Dollar’s Rising Value: A New Economic Dynamic in Iraq
The US dollar has experienced a significant upswing in the Al-Kifah and Al-Harithiya stock exchanges, with the exchange rate reaching a peak of 156,200 Iraqi dinars for every 100 dollars. This is a stark contrast to the previous day’s rate, which was 154,600 dinars for every 100 dollars. The value surge was also mirrored in local markets across the capital, Baghdad, where exchange shops raised their selling prices. The current selling rate is 157,250 Iraqi dinars for every 100 dollars, while the purchasing price is 155,250 dinars.
Value Surge: Not Just in Baghdad
Beyond Baghdad, Erbil, the capital of the Kurdistan Region, also saw a rise in the value of the dollar. The selling price in Erbil shops was recorded at 155,300 dinars per dollar, while the purchase price was 155,200 dinars for every 100 dollars. This suggests that the shift in the dollar’s value is a nationwide trend within Iraq.
The sudden increase in the value of the dollar in relation to the Iraqi dinar, as reflected in stock exchange rates and local markets throughout the country, is a noteworthy economic event. This shift affects the cost of transactions and could potentially impact the overall economy. The rise in the dollar’s value observed in Baghdad and Erbil points to a widespread increase, which is significant considering the economic challenges that Iraq has faced in recent years.
Central Bank’s Plan to Strengthen Iraqi Dinar
It’s important to note that the Central Bank of Iraq has a new plan to bolster the value of the Iraqi dinar against the US dollar. The measures include reducing the US dollar to Iraqi dinar exchange rate for travel or internet purchases from 1,470 dinars to 1,465 and helping private banks strengthen their foreign currency reserves that are not the US dollar. The Central Bank specifically named the Chinese yuan, the euro, the Emirati dirham, and the Jordanian dinar. There’s also a provision for selling foreign currencies in government banks for the purpose of travel, for the Hajj pilgrimage, medical treatment, and study.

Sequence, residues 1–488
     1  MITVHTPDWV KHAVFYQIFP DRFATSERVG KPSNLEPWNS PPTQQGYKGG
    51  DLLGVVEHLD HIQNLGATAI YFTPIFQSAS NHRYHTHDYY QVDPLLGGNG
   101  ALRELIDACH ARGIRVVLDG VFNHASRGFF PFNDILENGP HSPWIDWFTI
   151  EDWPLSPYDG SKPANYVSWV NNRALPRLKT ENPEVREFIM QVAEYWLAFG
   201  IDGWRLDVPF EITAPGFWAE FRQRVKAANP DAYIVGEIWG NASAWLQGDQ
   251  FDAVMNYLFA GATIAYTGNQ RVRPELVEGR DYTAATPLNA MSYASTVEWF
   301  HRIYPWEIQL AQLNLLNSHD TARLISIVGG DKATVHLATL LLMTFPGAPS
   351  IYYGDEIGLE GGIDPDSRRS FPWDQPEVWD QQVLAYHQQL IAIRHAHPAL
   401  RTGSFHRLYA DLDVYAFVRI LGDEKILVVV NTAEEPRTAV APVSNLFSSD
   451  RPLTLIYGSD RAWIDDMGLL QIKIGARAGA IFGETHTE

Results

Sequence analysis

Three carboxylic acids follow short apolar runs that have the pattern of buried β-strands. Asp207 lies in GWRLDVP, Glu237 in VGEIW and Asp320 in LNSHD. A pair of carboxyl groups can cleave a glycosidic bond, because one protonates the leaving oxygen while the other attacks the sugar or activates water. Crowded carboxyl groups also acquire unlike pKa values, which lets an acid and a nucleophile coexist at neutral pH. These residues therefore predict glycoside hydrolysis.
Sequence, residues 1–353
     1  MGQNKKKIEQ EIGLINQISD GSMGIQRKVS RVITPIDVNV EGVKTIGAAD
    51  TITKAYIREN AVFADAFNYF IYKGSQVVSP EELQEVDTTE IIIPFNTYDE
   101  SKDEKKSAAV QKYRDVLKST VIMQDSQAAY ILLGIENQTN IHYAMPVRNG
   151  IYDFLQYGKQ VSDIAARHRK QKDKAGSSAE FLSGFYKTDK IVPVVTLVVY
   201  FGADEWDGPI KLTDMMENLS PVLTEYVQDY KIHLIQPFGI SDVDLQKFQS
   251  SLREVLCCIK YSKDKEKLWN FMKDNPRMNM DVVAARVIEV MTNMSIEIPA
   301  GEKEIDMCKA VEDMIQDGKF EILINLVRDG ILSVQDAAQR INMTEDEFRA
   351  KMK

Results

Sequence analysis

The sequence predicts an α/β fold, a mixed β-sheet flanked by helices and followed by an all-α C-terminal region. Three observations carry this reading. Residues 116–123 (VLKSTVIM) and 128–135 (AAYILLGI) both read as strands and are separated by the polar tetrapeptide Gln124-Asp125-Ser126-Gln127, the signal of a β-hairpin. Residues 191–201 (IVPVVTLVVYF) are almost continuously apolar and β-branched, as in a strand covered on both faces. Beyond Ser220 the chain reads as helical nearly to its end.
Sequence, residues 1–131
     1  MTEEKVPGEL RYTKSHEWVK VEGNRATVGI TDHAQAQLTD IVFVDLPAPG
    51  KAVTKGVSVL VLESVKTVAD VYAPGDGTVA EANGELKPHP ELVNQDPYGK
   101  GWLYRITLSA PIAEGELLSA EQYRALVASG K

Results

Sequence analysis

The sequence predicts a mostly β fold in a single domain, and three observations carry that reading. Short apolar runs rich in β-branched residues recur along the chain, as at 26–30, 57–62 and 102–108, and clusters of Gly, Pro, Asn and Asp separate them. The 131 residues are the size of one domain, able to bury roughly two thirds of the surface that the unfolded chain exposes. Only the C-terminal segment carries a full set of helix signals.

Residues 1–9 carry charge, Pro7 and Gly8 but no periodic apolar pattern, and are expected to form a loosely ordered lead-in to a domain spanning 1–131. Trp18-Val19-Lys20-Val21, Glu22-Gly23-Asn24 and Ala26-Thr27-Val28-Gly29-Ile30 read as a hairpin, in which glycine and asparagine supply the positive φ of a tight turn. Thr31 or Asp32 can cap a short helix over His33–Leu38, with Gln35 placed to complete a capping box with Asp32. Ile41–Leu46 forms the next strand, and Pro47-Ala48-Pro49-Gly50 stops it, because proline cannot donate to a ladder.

Devaluing a currency has significant downsides as it can lead to a liquidity crisis, as seen in Argentina. But for Iraqis who are paid in dollars, the devaluation potentially gives them more purchasing power. However, people paid in dinars may lose purchasing power since imports and exports are paid for in dollars. A devaluation also means imported goods become more expensive in the local currency. Given the economic hardships Iraq has experienced, these are critical factors to consider.
As the value of the dollar continues to rise against the Iraqi dinar, the impact on the economy and the lives of ordinary Iraqis will become more apparent. While there are potential benefits for those paid in dollars, the overall implications of this shift are complex and far-reaching. As Iraq navigates these economic changes, the Central Bank’s strategies to strengthen the dinar and mitigate the impacts of currency devaluation will be critical.
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